The Lynx protection zones already currently in place, and developed by NHF&G (Image courtesy NHFG).

I hope yesterday’s circus act is a wake-up call for many local hunters and trappers who feel they are “untouchable”. This committee has set a precedent that emotional theatrics will trump science and sound management. I think New Hampshire as a free state for those who wish to live off the land as they so choose died a bit yesterday, and in its place, a state ruled by theatrics and heavy funding took its place. Facts are being manipulated (or completely swept under the carpet) while some against us bend the ears of legislators with rhetoric and half-truths. From this day forward, I encourage everyone who hunts and traps to educate the public and facilitate factual information. We simply do not have the support we once had. I don’t think this is because we don’t have the numbers. Many hunters and trappers in New Hampshire feel safe, after years of fighting off emotional propaganda they feel these activists will never gain ground in the “Live Free or Die” state. Yesterday’s decision should point out that the gloves need to come off and we need to all stand and defend our ways of life in rural New Hampshire. This includes all techniques (hunting, trapping & biology) for conserving our wildlife.

There was some light during yesterday’s hearing. My biggest motivation for supporting this season has not been about trapping bobcats, but about the public perception of trapping as a regulated pastime and a modern management tool. I became frustrated when our own Fish and Game Department remained silent, instead of standing up publicly in defense of those who partake in trapping, and point out the facts behind the department’s motivation for a hunting/trapping season on bobcats. The Department, and trappers, received a constant barrage of insults, death threats, and completely outlandish and false accusations about what we do in the New Hampshire woods. I feel as though almost half of the public lynch-mob stirred up by special interest groups could have been turned around with a little more factual information surrounding the season’s proposal; facts that I have brought up in previous articles over the past year regarding this season proposal. These were facts that interestingly enough never made their way to televised/printed local media news reports. At yesterday’s hearing, Fish and Game Director Glenn Normandeau spoke out about the importance of hunting and trapping, and the important role they both play in the North American Model of Wildlife Management. He also announced his disdain about the “(for lack of a better term), “abuse" from people opposed to the proposal against the department, the commission, department staff and NH trappers. This was a small win in my opinion, and clearly shows that some members of the commission, as well as the director, still have a backbone when it comes to defending the importance of regulated consumptive practices with regard to our wildlife.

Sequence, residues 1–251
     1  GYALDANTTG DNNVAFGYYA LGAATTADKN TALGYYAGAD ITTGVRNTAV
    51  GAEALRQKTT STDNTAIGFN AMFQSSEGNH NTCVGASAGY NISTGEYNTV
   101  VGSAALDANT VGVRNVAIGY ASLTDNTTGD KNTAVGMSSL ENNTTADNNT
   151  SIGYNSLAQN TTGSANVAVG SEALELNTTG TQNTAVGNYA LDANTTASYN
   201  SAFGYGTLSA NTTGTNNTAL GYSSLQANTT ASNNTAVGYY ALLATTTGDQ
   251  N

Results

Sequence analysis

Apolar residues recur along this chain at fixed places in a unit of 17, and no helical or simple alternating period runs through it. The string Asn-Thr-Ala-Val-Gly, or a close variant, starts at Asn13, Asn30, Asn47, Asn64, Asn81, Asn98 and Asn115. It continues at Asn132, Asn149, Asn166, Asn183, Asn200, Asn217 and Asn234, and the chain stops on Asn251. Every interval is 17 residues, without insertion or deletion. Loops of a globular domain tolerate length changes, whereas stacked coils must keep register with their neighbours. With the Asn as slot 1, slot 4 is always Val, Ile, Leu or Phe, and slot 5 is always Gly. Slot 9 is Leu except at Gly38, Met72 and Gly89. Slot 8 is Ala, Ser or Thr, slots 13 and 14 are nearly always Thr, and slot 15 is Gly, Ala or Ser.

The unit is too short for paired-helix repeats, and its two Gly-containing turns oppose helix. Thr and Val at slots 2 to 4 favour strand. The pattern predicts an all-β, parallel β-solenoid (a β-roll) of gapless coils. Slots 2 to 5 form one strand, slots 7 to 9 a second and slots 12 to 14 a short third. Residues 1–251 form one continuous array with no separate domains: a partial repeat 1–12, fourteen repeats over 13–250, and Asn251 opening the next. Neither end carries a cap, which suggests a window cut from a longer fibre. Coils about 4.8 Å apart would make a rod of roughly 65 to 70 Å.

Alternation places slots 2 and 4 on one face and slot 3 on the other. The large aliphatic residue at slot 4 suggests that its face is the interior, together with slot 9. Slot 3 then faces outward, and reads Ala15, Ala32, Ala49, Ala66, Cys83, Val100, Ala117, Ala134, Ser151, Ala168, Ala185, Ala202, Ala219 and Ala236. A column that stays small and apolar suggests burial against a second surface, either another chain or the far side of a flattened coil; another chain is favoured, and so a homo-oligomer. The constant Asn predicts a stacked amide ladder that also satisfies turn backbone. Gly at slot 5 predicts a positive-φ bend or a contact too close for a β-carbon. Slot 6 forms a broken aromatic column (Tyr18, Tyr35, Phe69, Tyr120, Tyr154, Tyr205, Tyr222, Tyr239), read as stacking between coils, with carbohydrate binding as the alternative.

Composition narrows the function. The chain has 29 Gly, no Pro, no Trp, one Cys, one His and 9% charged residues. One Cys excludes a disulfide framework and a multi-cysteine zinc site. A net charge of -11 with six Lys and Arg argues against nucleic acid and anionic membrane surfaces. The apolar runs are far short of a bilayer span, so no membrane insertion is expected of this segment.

All venting aside, this bobcat debate is far from over. While the odds are now stacked dramatically against us, I think NH’s sportsmen and women have a chance if they pull their heads out of the sand. Rational thinking members of the public also need to make their voices heard. I know you’re all out there, I’ve seen many of you before, its time to take our state’s conservation practices back. I hope to see you all at the next hearing.